Renaissance and Reformation Luis de Góngora
Humberto Huergo
  • LAST REVIEWED: 23 June 2020
  • LAST MODIFIED: 25 August 2021
  • DOI: 10.1093/obo/9780195399301-0383


Luis de Góngora y Argote (Córdoba, b. 1561–d. 1627) is one of Spain’s most celebrated poets and the main exponent of Baroque poetry in the Spanish-speaking world, comparable to John Donne in England and Giambattista Marino in Italy. Author of over four hundred poems, he exceeded in all poetic forms, including sonnets, letrillas (rondelets), décimas, romances, canciones, villancicos, and most notably the octava real and the silva, which he cultivated in his longest and most ambitious compositions, the epico-lyrical Fábula de Polifemo y Galatea (1612), based on Ovid’s famous tale, and the Soledades (1613), a two-thousand-line poetic maze essentially about nothing, in the sense that Flaubert’s Madame Bovary is a novel about nothing. Boasting bold syntactic twists and esoteric metaphors that almost obliterate their referent, the linguistic subversion of the Soledades sparked a heated debate among Gongora’s contemporaries, who argued passionately about whether to consider the text a Spanish Aeneid or utter gibberish. Besides poetry, Góngora also wrote two (some would say three) plays that departed from Lope de Vega’s popular and populist model—Las firmezas de Isabela (1610) and the unfinished El doctor Carlino (1613). Revered and vilified with equal passion throughout the 17th century, he tended to fall out of grace during the 18th and first half of the 19th centuries, to be rediscovered at the turn of the century by the French Symbolists and the Spanish modernistas, who often compared his disdain for empirical reality to that of Mallarmé. His definite consecration, however, only came in 1927, when a group of scholars and poets led by Dámaso Alonso and Federico García Lorca officially crowned him the poet’s poet. Since then, his reputation as Spain’s enfant terrible and his influence among both Spanish and Latin American writers has grown exponentially, with ardent admirers like José Lezama Lima in Cuba and Pere Gimferrer in Spain.

Introductory Studies

English-speaking readers might want to start with Chaffee-Sorace 2010, followed by Terry 1993. Roses 2012 provides the best introduction in Spanish, but it presupposes some familiarity with Góngora. Carreira 1990 provides an excellent introduction in Spanish. Readers who know French or Italian are invited to consult Jammes 2009 and Poggi 2019, respectively.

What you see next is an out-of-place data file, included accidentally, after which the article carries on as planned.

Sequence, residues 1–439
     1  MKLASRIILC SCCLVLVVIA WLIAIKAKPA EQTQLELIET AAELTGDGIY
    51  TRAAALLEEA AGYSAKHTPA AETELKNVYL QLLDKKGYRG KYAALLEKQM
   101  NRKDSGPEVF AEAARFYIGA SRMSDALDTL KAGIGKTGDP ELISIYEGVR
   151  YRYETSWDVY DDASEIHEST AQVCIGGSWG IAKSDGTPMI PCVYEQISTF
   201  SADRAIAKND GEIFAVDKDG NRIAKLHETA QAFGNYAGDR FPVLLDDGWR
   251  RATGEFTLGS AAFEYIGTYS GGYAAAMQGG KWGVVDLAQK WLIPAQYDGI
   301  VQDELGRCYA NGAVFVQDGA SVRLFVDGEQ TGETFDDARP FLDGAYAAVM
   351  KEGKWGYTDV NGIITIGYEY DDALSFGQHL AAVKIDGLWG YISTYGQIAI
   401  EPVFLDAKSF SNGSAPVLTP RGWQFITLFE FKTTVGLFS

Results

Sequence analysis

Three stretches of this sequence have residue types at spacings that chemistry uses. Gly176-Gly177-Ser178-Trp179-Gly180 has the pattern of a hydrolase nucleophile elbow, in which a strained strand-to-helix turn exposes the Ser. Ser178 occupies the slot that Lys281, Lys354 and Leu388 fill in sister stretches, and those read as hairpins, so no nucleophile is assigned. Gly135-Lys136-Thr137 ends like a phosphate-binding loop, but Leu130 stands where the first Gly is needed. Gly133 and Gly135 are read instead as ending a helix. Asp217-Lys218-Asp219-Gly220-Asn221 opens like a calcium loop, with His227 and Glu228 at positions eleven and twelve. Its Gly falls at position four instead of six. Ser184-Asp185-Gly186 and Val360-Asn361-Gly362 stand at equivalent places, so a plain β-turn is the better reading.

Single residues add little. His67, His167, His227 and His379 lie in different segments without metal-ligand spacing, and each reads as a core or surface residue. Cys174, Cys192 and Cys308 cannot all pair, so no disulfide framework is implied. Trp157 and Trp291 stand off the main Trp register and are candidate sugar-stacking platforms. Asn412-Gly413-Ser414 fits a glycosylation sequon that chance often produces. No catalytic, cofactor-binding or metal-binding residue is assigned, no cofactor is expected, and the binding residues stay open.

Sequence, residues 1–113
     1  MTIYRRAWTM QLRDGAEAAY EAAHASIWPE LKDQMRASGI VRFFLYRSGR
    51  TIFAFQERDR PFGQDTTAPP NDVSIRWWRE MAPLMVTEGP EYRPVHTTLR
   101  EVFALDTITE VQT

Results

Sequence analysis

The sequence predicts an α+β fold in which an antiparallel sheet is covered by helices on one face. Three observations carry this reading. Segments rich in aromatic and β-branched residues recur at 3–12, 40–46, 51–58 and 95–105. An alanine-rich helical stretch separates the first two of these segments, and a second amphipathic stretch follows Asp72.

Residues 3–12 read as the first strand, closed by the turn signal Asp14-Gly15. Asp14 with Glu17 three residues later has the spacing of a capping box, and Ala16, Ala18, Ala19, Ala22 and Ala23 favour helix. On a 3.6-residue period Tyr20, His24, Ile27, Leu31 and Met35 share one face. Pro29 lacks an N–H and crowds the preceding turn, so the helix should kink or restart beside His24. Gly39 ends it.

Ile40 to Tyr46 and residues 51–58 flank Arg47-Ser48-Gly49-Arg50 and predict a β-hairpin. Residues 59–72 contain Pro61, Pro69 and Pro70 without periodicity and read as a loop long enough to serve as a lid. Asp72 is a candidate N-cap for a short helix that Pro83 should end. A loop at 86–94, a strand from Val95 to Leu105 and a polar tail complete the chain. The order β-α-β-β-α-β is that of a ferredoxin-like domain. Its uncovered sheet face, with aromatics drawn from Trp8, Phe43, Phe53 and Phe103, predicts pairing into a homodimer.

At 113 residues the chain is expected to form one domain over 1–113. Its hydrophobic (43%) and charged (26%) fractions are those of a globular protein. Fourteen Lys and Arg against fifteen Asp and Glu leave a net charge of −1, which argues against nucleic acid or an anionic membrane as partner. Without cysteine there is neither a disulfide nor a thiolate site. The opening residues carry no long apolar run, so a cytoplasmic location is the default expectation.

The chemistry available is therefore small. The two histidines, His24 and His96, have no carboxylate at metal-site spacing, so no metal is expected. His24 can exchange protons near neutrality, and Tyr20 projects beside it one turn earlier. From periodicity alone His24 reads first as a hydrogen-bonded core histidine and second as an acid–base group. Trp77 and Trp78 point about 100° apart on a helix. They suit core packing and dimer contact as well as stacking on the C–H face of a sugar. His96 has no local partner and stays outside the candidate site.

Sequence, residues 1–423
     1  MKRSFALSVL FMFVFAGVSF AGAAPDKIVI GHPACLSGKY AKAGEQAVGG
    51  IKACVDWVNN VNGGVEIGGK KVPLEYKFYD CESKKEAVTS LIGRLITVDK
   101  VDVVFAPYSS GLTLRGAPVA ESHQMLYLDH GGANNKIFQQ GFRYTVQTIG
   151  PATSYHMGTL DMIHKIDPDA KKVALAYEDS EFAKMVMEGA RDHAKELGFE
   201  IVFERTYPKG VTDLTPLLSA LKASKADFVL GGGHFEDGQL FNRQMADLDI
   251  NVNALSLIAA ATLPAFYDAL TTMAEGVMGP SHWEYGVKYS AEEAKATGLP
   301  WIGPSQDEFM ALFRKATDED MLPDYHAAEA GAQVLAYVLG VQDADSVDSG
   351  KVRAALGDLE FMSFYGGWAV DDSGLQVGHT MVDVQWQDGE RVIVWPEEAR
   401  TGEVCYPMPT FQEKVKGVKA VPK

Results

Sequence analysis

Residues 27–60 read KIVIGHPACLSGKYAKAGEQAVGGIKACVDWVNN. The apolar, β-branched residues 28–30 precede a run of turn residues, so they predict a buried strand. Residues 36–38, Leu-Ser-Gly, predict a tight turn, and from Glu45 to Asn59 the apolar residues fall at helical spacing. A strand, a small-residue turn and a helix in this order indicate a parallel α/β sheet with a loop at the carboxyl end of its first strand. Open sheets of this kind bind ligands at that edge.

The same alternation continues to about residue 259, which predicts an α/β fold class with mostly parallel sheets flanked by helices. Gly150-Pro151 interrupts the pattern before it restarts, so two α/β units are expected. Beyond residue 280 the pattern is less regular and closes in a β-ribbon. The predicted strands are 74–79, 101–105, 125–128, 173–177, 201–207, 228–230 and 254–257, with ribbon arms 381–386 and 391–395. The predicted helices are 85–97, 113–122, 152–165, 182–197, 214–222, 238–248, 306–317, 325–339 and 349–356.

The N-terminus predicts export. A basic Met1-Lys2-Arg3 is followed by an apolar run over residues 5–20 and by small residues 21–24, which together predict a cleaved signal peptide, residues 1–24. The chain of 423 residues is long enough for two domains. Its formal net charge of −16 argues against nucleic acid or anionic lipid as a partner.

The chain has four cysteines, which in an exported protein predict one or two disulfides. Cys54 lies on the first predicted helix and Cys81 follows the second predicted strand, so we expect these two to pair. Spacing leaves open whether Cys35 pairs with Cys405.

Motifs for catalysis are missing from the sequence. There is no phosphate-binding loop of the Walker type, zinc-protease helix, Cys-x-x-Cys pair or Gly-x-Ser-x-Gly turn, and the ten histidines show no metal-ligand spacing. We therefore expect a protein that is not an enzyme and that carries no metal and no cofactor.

• Carreira, Antonio. “Introducción.” In Antología poética. 3d ed. By Luis de Góngora. Edited by Antonio Carreira, 25–66. Castalia Didáctica 13. Madrid: Castalia, 1990.

    A student edition including a chronological chart, a basic introduction touching on topics like the Petrarchan tradition, theory of wit, culteranismo, and others, and a short, annotated bibliography. Not to be confused with other, more specialized anthologies by the author not in the collection Castalia Didáctica.

  • Chaffee-Sorace, Diane. Góngora’s Shorter Poetic Masterpieces in Translation. Tempe: Arizona Center for Medieval and Renaissance Studies, 2010.

    A modern translation of Góngora’s shorter poems, accompanied by a brief introduction that outlines his biography, style, critical reception, and poetic themes. See Chaffee-Sorace 2010, cited in English Translations.

  • Gahete Jurado, Manuel. Luis de Góngora.

    The site includes biographical information, a list of Góngora’s works with links to the texts, some bibliography, and more.

  • Jammes, Robert, ed. “Introduction: Vie et œuvre de don Luis de Góngora.” In Comprendre Góngora: Anthologie bilingue. By Luis de Góngora, 7–32. Toulouse, France: Presses Universitaires du Mirail, 2009.

    Authoritative introduction to Góngora’s life and works (pp. 7–32), with selective bibliography in French (pp. 33–35) and bilingual edition of one hundred and fourteen poems (pp. 38–290). The introduction is in French only.

  • Poggi, Giulia. Góngora. Rome: Salerno Editrice, 2019.

    In Italian. An excellent introduction to Góngora, covering all aspects of his life and literary production. Chapters in order of appearance include: A short biography; early romances, letrillas and décimas; sonnets; the tercets “Mal haya el que en señores idolatra”; Góngora’s theater; Polifemo; Soledades; the literary controversy surrounding Góngora; the sonnet “Restituye a tu mudo horror divino”; the Panegyric for the Duque of Lerma; late romances; late sonnets; Lorca’s conference “La imagen poética de don Luis de Góngora”; Góngora’s influence on Latin American writers; and Ungaretti and the Italian translations. Includes an essential bibliography.

  • Roses, Joaquín, ed. Góngora, la estrella inextinguible: Magnitud estética y universo contemporáneo. Madrid: Sociedad Estatal de Acción Cultural, 2012.

    A collection of introductory essays by some of the leading scholars in the field covering all aspects of Góngora’s life and literary production as well as his influence on 20th-century Spanish and Latinoamerican literatures.

  • Terry, Arthur. “Luis de Góngora: The Poetry of Transformation.” In Seventeenth-Century Spanish Poetry. By Arthur Terry, 65–93. Cambridge, UK: Cambridge University Press, 1993.

    DOI: 10.1017/CBO9780511553851

    An excellent overview of Góngora’s poetic evolution, peppered with perceptive remarks about individual works.

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